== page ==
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“We’re the Millers” Funnier than Expected

We're the Millers
When a comedy is released late in the summer season, like “We’re the Millers,” it’s usually a troublesome sign. The studio is just dumping the film into theaters, hoping it might make a profit. Despite all warning signs to the contrary, however, “We’re the Millers” is a surprisingly funny comedy.

Jason Sudeikis plays a pot dealer who, after being mugged and losing the stash he was selling, is forced by his boss (Ed Helms) to go down to Mexico and pick up a “smidge” of marijuana in a huge RV. To avoid potential detection at the border, he enlists his stripper neighbor (Jennifer Aniston), a lonely kid (Will Poulter) and a runaway (Emma Roberts) to pose as his family for the smuggling of the marijuana. Along the way, each of them learns a valuable life lesson that changes them forever and teaches the group the value of a family, even if it is a made up, ragtag family like the Millers.

Sudeikis, making his first onscreen appearance since officially leaving “Saturday Night Live,” holds his own in his first leading role. With his charm and sarcasm, he really comes across as a modern day Chevy Chase, only more likable. Aniston is only a step removed from her “Horrible Bosses” role, in which she co-starred with Sudeikis as a sex-starved dentist.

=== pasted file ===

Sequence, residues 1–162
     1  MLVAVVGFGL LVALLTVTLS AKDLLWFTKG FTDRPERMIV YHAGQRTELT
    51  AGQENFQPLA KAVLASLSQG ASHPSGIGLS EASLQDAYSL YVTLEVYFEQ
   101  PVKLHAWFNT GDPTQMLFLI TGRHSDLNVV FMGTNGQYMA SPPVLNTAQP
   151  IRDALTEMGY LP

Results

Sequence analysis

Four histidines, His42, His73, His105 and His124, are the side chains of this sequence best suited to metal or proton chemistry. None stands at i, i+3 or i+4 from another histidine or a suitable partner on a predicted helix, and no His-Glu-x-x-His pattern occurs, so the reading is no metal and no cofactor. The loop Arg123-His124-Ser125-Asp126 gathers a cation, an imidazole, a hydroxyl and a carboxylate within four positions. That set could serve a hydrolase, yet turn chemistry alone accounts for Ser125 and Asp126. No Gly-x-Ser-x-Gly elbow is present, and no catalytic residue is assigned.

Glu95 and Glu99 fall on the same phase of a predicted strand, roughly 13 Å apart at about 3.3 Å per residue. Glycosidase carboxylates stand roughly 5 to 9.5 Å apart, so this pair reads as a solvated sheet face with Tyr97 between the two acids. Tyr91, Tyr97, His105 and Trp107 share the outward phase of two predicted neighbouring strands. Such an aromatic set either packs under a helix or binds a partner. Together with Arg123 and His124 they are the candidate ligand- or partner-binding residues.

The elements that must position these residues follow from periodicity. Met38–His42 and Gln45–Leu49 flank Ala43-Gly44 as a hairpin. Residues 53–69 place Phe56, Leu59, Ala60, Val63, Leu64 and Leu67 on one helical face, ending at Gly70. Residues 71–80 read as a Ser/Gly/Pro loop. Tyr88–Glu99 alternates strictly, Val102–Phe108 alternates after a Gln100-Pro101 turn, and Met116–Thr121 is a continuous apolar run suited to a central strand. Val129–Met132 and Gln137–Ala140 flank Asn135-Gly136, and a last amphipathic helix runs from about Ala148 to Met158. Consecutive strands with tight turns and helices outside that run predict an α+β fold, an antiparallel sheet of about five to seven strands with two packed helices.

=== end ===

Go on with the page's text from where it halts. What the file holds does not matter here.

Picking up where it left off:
Even though the plot of “We’re the Millers” hits all of the necessary cues for a road movie, the humor pulls it out of the depths, making it come off as a bit of a “Vacation” meets “Cheech & Chong,” only without the drug use. One would think in a movie where the main characters are transporting a RV full of weed across the border, some smoking of the product would ensue. There is a very funny bit where a block of the sticky icky doubles as a baby, which a fellow RV family, played by Kathryn Hahn and Nick Offerman, keeps wanting to oh and ah over, and Poulter’s awkwardness with the opposite sex has every bit of comedy wringed out of it as possible.

That’s not to say “Millers” is a good movie. It’s just so-so. But director Rawson Marshall Thurber (“Dodgeball”) packs in some laugh-out-loud moments in between the obvious and obligatory moments of character development that come across as forced and phony, like some kind of Screenwriting 101 example. Just like the made-up family its about, “We’re the Millers” is a hollow comedy that manages to fill some of its void with funny moments.

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